Tuesday, May 26, 2009

The Red-Headed Man

This post involves a story that was passed on to me by Kurt McCoy, whom some of you may know wrote that great book "White Things: West Virginia's White Monsters" which is available on eBay for a paltry $10. I suggest you pick up a copy. It is a very good read!

This story is one that comes close to home for me, quite literally. Kurt is another WV ghost/monster story collector, and came across this story while working on his current book about WV's water monsters (apparently there are more than the Ogua).

The Red-Headed Man is a story set in the colonial days of WV, way back when it was still known as western Virginia. This story takes place at Fort Cobun, which was located near Dorsey's Knob in Morgantown - which I can see from my backyard. That is why I say it is close to home for me.

Fort Cobun was built in 1770, near Dorsey's Knob (above), and I'm sure that it's foundations lie somewhere beneath the old Morgantown Mall or the Giant Eagle. So much for saving history. Sometime, I'm not sure when, as I have not researched this story thoroughly, the fort was attacked and overrun by a Native American raiding party.

During this raid, many settlers were killed or kidnapped. One of those was to become known as "The Red-Headed Man". I've not found his name, if in fact it was ever known, but he was a soldier. He was kidnapped by the natives and carried to an area near the base of Dorsey's Knob. There, the natives tied him to an "X"-like cross they had staked into the ground. While tied up, the natives also scalped him - and did not stop at the top of his head. Instead, they scalped him down to his neck, and he subsequently bled to death from the wounds.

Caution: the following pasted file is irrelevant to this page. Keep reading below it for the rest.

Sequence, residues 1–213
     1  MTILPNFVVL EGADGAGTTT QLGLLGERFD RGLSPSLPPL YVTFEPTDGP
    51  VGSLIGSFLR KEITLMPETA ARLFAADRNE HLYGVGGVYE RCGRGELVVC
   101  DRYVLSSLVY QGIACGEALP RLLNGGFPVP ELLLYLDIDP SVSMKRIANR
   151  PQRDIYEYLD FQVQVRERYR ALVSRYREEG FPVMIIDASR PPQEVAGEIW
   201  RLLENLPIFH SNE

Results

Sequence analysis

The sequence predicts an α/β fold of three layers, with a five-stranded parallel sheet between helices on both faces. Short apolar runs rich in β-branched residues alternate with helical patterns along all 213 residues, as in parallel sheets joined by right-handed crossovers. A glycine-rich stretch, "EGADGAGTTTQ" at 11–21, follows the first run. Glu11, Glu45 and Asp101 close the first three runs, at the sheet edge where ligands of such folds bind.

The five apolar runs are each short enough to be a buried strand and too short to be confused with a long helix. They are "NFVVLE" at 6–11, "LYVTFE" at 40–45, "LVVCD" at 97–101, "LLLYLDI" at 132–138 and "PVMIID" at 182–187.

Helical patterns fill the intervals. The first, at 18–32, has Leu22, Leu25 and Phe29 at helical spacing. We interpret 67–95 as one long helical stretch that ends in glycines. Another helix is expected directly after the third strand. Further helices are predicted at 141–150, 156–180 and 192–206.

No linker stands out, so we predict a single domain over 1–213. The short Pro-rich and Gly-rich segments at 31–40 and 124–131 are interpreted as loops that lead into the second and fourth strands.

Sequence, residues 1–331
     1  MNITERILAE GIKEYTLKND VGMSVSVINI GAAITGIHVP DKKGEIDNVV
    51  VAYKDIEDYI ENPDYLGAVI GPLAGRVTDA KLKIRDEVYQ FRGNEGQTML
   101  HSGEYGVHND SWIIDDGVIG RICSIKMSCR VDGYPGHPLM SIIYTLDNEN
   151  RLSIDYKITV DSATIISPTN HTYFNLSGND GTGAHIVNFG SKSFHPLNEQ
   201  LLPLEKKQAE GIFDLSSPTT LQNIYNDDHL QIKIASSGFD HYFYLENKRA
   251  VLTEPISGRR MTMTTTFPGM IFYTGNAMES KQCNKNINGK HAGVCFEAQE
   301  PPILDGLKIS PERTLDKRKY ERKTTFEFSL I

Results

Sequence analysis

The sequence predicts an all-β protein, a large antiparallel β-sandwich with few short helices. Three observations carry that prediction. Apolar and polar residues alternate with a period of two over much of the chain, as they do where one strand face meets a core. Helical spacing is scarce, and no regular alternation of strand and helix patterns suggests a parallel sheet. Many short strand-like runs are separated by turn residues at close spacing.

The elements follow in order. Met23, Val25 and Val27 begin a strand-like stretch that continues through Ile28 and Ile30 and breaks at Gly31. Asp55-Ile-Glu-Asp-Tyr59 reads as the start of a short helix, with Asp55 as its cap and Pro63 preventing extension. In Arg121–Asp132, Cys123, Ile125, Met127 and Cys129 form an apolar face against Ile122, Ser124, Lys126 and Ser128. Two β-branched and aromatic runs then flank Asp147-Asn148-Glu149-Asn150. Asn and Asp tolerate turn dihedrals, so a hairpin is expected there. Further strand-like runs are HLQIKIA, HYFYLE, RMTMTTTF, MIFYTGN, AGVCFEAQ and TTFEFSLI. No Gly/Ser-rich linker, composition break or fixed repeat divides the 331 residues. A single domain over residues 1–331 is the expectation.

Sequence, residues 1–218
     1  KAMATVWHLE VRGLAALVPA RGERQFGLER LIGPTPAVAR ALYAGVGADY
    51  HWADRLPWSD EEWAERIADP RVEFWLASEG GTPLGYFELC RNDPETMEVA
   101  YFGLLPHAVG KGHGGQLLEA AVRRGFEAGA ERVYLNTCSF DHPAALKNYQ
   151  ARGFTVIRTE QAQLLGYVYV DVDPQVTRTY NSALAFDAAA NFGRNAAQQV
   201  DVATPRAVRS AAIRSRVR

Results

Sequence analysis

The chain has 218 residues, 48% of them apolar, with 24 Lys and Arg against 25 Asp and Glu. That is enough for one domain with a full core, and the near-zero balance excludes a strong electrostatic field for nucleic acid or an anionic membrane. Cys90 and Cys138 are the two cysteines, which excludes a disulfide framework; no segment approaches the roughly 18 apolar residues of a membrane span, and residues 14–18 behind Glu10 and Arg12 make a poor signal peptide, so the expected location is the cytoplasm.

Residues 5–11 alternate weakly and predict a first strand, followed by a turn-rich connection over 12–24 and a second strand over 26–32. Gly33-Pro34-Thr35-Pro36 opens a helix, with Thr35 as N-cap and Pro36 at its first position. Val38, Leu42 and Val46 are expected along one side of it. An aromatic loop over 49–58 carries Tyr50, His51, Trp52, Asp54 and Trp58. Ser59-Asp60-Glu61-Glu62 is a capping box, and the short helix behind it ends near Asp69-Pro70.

Since that time, there have been sightings of the "Red-headed Man" near Dorsey's Knob in Morgantown, which is now a local park area. Many people have told stories about being parked up at Dorsey's Knob, which has a reputation for a makeout spot, and encountering the specter. He is clothed in his colonial uniform, and his head is blood-red, with his veiny flesh still unhealed even in death. It is said that the "Red-headed Man" grabs unsuspecting people by the scalp and face, attempting to replace his lost skin with theirs.

There is protection against the "Red-headed Man" however - many visitors, even to this day, carry a small, handmade cross (basically two sticks tied with twine) on their windshields. Apparently, the "Red-headed Man" still fears the apparatus to which he was tied and tortured on - even in a miniature version.

I think of this story every time I look out across the yard, and I wonder if the "Red-headed Man" is still out there, or if somehow he has finally gone to rest.